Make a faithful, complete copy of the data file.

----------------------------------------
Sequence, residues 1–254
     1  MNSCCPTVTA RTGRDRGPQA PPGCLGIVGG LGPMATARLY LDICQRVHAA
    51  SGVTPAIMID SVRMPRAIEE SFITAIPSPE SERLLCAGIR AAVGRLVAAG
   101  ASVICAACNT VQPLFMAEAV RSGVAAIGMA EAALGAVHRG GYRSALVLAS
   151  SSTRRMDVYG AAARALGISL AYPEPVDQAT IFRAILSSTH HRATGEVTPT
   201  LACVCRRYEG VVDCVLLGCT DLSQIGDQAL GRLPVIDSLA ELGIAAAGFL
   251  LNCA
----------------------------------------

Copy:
Sequence, residues 1–254
     1  MNSCCPTVTA RTGRDRGPQA PPGCLGIVGG LGPMATARLY LDICQRVHAA
    51  SGVTPAIMID SVRMPRAIEE SFITAIPSPE SERLLCAGIR AAVGRLVAAG
   101  ASVICAACNT VQPLFMAEAV RSGVAAIGMA EAALGAVHRG GYRSALVLAS
   151  SSTRRMDVYG AAARALGISL AYPEPVDQAT IFRAILSSTH HRATGEVTPT
   201  LACVCRRYEG VVDCVLLGCT DLSQIGDQAL GRLPVIDSLA ELGIAAAGFL
   251  LNCA